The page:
Turner et al.16 administered a granzyme B inhibitor (VTI-1002) topically to the skin lesion area of an oxazolone-induced atopic dermatitis mouse model and after a period of time detected a reduction in the loss of filaggrin and E-cadherin proteins in atopic dermatitis skin compared to controls. By comparing measurements of transepidermal water loss in granzyme B knockout oxazolone mice and wild-type oxazolone mice, the results showed that transepidermal water loss was significantly lower in the former compared to the latter, all of which suggest a disruptive effect of granzyme B on the skin barrier.16 In addition, it has been suggested that granzyme B also cleaves fibronectin and laminin, which are abundant at the dermo-epidermal junction, and that degradation of these proteins may potentially compromise skin integrity, reduce nutrient exchange and decrease the stability of the dermo-epidermal junction.17 On the other hand, Merkulova et al.18 demonstrated using HaCaT cell lines in vitro that granzyme B also delayed the migration of keratinocytes by interfering with the epidermal growth factor receptor pathway, thereby inhibiting the normal healing of damaged skin. It is worth noting that the increased expression of granzyme B in skin keratinocytes under ultraviolet irradiation accelerates the degradation of collagen, the main component of the dermis, and promotes the onset of photoaging and consequent weakening of the barrier function of the skin.19

Promotes inflammatory response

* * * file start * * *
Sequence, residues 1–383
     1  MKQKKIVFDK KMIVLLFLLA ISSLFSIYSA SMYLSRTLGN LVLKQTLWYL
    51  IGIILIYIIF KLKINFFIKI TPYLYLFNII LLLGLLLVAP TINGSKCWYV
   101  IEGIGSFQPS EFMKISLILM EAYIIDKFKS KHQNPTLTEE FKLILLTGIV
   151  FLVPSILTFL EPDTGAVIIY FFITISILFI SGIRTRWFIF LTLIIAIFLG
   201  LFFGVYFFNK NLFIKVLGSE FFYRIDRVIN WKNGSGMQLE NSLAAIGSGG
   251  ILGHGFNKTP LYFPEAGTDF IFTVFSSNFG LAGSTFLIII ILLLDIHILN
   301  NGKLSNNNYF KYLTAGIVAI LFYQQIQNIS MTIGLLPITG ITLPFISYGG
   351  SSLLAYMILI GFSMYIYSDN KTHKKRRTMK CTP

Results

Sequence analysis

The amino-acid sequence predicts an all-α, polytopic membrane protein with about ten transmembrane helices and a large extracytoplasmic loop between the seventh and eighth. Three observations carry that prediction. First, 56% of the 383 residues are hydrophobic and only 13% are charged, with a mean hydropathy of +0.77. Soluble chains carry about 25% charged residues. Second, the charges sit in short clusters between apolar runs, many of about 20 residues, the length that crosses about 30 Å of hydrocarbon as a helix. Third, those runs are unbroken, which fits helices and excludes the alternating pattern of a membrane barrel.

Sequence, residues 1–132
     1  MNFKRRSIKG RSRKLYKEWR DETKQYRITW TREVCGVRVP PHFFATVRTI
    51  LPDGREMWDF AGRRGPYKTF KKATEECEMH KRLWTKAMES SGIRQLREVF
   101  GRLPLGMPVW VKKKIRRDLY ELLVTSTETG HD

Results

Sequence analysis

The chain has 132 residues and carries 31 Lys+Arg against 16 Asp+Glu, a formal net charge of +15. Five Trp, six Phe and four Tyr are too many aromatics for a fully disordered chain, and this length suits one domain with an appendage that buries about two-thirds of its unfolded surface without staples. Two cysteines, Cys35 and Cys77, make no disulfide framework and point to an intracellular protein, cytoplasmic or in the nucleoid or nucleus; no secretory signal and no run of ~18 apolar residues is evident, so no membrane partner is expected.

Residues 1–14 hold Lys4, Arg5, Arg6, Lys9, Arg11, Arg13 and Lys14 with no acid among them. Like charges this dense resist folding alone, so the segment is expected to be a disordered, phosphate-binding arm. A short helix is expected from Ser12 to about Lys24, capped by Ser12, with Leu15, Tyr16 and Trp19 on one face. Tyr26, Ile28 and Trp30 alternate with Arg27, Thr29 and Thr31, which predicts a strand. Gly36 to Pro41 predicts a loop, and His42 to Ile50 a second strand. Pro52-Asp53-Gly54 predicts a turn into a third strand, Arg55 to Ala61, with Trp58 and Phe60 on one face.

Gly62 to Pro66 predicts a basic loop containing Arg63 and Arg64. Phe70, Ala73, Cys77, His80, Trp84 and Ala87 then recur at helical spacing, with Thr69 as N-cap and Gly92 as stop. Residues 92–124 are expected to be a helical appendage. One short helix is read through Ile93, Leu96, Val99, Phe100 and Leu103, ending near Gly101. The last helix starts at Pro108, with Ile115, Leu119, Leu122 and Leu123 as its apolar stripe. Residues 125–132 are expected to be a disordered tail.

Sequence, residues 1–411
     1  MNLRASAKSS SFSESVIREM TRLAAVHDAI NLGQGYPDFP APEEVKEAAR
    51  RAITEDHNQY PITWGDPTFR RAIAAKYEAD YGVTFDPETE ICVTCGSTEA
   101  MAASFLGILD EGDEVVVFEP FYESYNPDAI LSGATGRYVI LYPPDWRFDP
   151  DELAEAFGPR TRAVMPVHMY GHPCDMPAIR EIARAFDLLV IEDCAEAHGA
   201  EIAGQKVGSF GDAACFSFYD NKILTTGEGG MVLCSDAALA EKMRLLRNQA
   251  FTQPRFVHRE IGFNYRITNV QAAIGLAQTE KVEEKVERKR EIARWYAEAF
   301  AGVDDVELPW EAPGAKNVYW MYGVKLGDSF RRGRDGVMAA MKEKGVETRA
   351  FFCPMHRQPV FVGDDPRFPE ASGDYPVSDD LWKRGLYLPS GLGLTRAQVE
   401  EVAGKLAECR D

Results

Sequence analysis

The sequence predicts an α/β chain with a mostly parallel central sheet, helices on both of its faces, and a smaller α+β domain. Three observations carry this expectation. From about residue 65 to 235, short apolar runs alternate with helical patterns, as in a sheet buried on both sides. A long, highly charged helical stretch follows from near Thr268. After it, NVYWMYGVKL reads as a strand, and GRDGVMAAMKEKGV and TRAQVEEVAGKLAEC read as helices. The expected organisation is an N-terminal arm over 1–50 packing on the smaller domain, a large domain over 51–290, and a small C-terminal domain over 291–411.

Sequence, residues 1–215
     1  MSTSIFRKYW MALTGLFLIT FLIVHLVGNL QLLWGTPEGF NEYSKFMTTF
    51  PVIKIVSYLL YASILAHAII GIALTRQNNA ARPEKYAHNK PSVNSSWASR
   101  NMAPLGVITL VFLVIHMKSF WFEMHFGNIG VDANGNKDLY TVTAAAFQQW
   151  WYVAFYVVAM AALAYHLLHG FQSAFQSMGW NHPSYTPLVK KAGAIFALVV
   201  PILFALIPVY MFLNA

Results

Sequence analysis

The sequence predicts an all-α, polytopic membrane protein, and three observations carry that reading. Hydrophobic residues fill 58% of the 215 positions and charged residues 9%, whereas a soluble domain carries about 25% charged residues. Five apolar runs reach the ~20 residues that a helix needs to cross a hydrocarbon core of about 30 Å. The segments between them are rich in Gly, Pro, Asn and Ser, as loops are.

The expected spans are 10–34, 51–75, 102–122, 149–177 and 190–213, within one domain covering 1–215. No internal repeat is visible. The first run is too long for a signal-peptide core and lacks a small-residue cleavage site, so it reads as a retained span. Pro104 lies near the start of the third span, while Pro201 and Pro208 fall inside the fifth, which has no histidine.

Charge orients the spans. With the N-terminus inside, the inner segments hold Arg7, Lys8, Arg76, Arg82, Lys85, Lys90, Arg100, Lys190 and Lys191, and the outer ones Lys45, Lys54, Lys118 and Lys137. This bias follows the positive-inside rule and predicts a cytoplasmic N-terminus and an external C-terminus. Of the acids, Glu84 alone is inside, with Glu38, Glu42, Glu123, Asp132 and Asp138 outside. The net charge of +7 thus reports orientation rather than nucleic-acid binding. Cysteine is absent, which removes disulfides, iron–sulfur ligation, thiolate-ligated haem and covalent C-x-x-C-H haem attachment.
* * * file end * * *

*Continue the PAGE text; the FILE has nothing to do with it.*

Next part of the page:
In 2010, Omoto et al.20 demonstrated that granzyme B cleaves the inactive precursor interleukin-18 from 24-kDa to an 18-kDa fragment between Aspartic 35- tyrosine 36 and that the cleaved fragment has the same structural sequence and biological activity as the caspase-1 enzyme at the interleukin-18 cleavage site. The following year, Afonina et al.21 reported that granzyme B also cleaved interleukin-1α at the Aspartic 103 site, which in turn significantly increased the pro-inflammatory activity of interleukin-1α. Previous studies have demonstrated that both interleukin-18 and interleukin-1α drive the development of chronic skin inflammation in atopic dermatitis. Interleukin-18 induces interferon-γ secretion, promotes interleukin-4 expression and enhances mast cell infiltration, which is strongly correlated with the clinical severity of atopic dermatitis patients, whereas epidermal microbial dysbiosis and barrier damage in atopic dermatitis stimulate keratinocytes to release abnormal amounts of interleukin-1α inducing an increased inflammatory response.22,23 Recently, a mouse model of pemphigoid demonstrated that granzyme B also promotes macrophage inflammatory protein-2 in a dose-dependent manner, and interestingly, granzyme B showed the same effect on interleukin-8, a homolog of human macrophage inflammatory protein-2, which is a key factor mediating neutrophil chemotaxis.8 Hu et al.24 added 15 nM granzyme B to human colon adenocarcinoma (HCT-8) cells medium and found a significant increase in interleukin-1β levels by polymerase chain reaction after 6 hours. Further comparison of the medium with and without lipopolysaccharide showed that granzyme B enhanced the lipopolysaccharide-induced inflammatory response in HCT-8 cells.24 Although the mechanism by which granzyme B enhances the secretion of many of these inflammatory factors is still not well understood, the role of granzyme B in promoting or inducing inflammatory responses is undeniable.